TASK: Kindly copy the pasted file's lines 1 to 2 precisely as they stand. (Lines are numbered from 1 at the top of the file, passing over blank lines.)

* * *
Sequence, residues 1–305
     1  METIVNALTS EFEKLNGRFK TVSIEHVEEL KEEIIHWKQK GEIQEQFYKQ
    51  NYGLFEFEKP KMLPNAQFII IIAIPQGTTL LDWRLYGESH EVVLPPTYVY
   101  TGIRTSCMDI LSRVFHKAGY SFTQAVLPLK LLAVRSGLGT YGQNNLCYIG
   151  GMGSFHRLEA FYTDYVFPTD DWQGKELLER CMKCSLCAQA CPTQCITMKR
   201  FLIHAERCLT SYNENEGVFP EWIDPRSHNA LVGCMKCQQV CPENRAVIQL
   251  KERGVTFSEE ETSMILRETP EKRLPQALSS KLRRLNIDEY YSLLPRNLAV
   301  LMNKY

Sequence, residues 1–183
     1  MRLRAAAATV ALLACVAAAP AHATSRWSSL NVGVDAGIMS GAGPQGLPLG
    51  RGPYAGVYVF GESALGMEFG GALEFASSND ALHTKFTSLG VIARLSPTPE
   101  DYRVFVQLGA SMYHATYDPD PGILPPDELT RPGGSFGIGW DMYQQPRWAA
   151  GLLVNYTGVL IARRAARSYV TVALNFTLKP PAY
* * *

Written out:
Sequence, residues 1–305
     1  METIVNALTS EFEKLNGRFK TVSIEHVEEL KEEIIHWKQK GEIQEQFYKQ